On top of them, above them, behind them, and so forth.

Psychological Advantage

You've just convinced you opponent that their chances of beating you are nil. The next round (only) you get a bonus die on your rolls. Using a nasty-looking weapon helps a lot, even if it's no more effective than a regular one.

Or, if your seven-year-old daughter is whimpering helplessly in the closet behind you as you defend her from a maniac, you get a bonus die on your rolls for the duration of the combat.

Optional Rules for Combat

The GM decides when and whether to use these rules. The GM may use any given rule always, sometimes, or never.

Desperate Defense

A character normally gets one attack roll and one defense roll per attacker each round, but if you give up your attack, you may get a bonus die on each defense roll for that round.

Alternate Damage

If the attacker scores a hit, they roll one die for each number in the damage factor for the weapon. If the attack roll is twice the defense roll, the attacker multiplies the result by two.

For example, a knife does 2 dice of damage, or 2 dice times two if the attack roll is at least double the defense roll.

A character may not use bonus dice for damage rolls, only for the attack rolls.

You may use this system when an "attack roll" is not called for, such as when an explosive goes off near a character and the GM simply rolls some dice to determine damage.

Serious Wounds

In addition to losing hit points, a character can suffer a "serious wound." Serious wounds do not always heal completely on their own.

Without medical attention, these wounds may "mis-heal" (causing a permanent impairment) at best or lead inevitably to death at worst.

Examples of serious wounds include compound fractures, internal bleeding, penetration of intestines, damage to internal organs, severed tendons, and more.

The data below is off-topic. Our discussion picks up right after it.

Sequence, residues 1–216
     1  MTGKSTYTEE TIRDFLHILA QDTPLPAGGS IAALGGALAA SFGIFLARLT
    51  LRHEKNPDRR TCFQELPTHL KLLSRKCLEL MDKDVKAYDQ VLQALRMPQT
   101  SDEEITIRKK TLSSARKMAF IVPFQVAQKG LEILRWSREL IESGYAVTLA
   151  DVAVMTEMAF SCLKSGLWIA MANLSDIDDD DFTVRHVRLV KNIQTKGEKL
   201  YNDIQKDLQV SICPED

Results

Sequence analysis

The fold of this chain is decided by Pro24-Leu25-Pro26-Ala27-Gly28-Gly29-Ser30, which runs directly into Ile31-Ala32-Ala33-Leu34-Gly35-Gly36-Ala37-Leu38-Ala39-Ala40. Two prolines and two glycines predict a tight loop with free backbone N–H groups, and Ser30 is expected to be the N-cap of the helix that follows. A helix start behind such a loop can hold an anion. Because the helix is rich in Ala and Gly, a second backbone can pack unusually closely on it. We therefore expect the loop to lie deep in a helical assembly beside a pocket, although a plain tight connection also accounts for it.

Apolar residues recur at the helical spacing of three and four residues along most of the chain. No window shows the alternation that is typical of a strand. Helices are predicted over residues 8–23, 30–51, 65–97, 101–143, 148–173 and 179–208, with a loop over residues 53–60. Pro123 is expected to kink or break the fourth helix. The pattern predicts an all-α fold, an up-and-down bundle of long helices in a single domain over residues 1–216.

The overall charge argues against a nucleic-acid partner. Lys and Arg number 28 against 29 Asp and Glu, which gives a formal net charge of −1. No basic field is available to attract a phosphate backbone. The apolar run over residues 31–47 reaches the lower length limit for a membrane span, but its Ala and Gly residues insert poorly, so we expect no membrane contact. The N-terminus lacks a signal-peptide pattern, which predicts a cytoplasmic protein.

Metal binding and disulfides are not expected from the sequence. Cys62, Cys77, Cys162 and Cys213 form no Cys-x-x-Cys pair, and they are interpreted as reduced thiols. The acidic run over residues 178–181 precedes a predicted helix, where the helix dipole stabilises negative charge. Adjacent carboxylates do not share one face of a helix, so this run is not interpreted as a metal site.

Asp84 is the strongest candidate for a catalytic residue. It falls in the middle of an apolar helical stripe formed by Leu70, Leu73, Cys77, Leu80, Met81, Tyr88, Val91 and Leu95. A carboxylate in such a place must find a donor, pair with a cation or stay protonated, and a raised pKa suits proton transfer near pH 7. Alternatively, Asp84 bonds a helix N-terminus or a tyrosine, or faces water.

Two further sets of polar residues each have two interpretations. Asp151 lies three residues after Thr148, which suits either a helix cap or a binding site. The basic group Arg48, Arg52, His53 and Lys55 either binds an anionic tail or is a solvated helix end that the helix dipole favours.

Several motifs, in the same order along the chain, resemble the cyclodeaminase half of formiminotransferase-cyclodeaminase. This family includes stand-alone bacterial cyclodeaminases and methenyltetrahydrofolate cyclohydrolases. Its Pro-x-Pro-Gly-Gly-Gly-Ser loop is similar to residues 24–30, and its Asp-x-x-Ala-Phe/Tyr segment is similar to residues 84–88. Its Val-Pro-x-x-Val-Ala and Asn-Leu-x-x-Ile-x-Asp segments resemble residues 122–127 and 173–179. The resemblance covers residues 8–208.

A serious wound that mis-heals without medical attention, such as a severed tendon or a compound fracture, heals at half the normal rate and leaves the character with a permanent disability, such as a penalty die on agility-related actions or the inability to manipulate certain joints.

A serious wound that leads to death, such as a severe infection or severe damage to the liver, causes the character to lose hit points every day until proper medical attention is applied. Hit points lost can be anywhere from 1 to 15 per day, depending on the wound. Such a character is usually bedridden while the doomed body makes its last-ditch effort to save itself.

A wound is usually a "serious wound" when at least 20 points of damage are suffered in a single blow, but it is possible to take a serious wound from a relatively minor attack, such as a badly broken arm that doesn't incapacitate you but won't heal well on its own. Another possibility is that a botched defense roll leads to a serious wound. The GM, of course, may prefer to play serious wounds by ear.

Gestalt Combat

In the gestalt system, you make one roll to determine the general outcome of the fight. The players total all their rolls, and the GM totals all the GMCs' combat rolls. (The GM determines what rolls are made and how, depending on the circumstances of the fight.) Whichever side rolls highest wins the fight, but the GM keeps the GMCs' total a secret, so the players don't know who will win. Then the players and GM talk through the fight, with the GM adjudicating the actions based on the rolls already made. The GM can go into any level of detail desired, including dishing out damage to individual PCs that rolled poorly, or even altering the result of a close fight if the players use effective tactics.

The GM can even simply declare the results of the fight with no play-by-play descriptions if she wants to keep things moving at a rapid pace.

As a GM, use gestalt combat whenever the detail of normal combat seems pointless.